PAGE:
Why Schools Should Pay Attention to Corporate Wellness Programs
Being a teacher is an unsustainable career choice. More and more we are finding that this profession is so demanding that we can’t expect people to remain in the classroom for five years, let alone the entirety of their career.
This is real. This is our reality.
When you expect people to give so much of themselves, it’s natural to also expect there to be consequences. I am a teacher. My friends are teachers. Most people I know in any realm of education have spent time in the classroom. So many of us have lost ourselves, or are losing ourselves, as we teach each day. Pieces of ourselves fall away. Pieces of who we are begin to fade. And for most of us, the rewards of loving these children cannot outweigh the pile of our pieces that begin to add up.
We need to care for our teachers differently.
Employee wellness has been the focus of much research over the last decade. A recent study focusing on happiness in employees, published in The Journal of Labour Economics, directly links professional success and productivity to levels of happiness. But the opposite was also found to be true; lower reports of happiness are systematically associated with lower productivity. Increased levels of stress and excessive pressures at work lead to low engagement and high absenteeism.
Parallel to this, workload directly impacts workplace culture. A study by Cornerstone found that work overload was a key factor in decreased professional satisfaction, citing 68 percent of employees surveyed felt that the hours required to complete their work on a daily basis outnumbered the hours in their workday.
Sound familiar, teachers?
Over the last five years, the corporate world has found that employee wellness programs are not luxuries that should only be offered to the most prestigious companies. Two-thirds of organizations around the country are discovering the benefits of creating environments in which wellness is part of the work culture. Employees, now more than ever, are seeking companies that work to meet their needs, not just companies to work for.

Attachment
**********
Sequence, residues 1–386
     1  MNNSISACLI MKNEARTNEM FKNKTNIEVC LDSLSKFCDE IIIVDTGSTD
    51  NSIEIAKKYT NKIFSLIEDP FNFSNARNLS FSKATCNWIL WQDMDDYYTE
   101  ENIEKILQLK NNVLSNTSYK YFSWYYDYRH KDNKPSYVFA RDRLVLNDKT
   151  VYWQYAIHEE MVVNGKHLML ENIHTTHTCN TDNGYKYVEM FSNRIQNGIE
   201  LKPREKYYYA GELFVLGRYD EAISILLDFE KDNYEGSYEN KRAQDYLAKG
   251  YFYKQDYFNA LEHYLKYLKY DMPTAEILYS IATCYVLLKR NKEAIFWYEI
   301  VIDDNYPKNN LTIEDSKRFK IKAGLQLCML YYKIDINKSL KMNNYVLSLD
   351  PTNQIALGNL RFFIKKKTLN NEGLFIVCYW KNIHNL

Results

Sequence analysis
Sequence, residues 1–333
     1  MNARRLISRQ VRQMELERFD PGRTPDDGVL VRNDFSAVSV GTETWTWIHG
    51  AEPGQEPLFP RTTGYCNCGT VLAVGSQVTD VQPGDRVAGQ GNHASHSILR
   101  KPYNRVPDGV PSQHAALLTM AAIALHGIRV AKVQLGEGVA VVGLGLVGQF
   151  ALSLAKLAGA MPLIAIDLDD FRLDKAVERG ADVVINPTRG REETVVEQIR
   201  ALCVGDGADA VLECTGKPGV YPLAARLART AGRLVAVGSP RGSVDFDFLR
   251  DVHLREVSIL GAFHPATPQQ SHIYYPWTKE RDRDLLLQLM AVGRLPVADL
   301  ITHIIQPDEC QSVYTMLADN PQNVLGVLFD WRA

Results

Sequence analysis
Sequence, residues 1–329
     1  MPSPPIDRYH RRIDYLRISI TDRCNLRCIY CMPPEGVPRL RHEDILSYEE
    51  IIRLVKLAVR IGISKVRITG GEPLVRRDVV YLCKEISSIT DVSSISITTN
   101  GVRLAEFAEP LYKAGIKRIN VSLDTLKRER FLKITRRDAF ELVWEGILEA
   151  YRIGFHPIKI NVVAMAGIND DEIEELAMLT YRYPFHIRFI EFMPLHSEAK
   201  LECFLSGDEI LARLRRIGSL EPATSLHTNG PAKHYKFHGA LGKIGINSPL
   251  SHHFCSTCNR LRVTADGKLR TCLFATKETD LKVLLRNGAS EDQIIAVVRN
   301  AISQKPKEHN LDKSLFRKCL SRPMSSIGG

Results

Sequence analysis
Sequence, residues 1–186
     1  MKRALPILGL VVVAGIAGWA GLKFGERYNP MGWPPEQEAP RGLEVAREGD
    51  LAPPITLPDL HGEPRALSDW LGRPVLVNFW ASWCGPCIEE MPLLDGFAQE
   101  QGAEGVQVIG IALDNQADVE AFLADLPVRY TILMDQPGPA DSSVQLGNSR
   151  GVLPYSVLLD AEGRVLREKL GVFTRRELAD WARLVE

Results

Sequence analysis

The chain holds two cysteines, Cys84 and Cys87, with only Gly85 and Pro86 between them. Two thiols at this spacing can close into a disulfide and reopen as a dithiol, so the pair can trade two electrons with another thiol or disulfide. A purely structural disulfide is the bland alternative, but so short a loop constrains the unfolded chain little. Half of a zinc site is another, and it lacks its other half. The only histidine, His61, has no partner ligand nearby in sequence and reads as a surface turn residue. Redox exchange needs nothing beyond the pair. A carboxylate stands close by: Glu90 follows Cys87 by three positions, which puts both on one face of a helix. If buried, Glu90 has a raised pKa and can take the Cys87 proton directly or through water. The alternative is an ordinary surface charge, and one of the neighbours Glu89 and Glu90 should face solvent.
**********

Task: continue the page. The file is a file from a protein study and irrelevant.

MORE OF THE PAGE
Addressing wellness needs of employees is vital in creating work environments that yield a strong and positive culture. Workplace stress and anxiety, and stress have a devastating impact on workplace culture and productivity.
“Companies that encourage well-being beyond the physical, considering social, emotional, and community wellbeing, have fewer sick days and are more likely to keep employees at their current jobs.”
Schools have many priorities to balance when it comes to providing an education for our students. Unfortunately, teacher wellness is not likely to be at the top of that list. And while schools may be dedicated to developing and retaining their teachers, tending to the health and wellness of our teachers is not likely to be a focus area.
The research around employee health, and what causes some of the most incredible damages to our workplaces, are easily compared to the challenges and experiences of our teachers. Recent studies found that teachers work more than 50 hours a week, rising above 60 hours for primary teachers. The Education Staff Health Survey found that 91 per cent of school teachers have experienced damaging stress levels in the past two years, while 74 per cent suffered anxiety and 47 per cent had depression. Ninety-one per cent blamed excessive workload as the major cause.
We cannot continue to ignore the health and wellness that our teachers desperately need. The sacrifices we make chip away at who we are and how fulfilled we are capable of being. This is not an exaggeration. Our teachers need support.
When teachers feel better, they teach better.
Tending to the hearts and lives of our teachers needs to be a priority. The Whole Teacher Movement is based on the belief that teachers, school leaders, and communities rethink what it means to build healthy schools. Without healthy teachers, our schools and our educators will remain painfully incomplete. The whole story needs to be told, and the whole teacher needs to addressed.
Will you join us?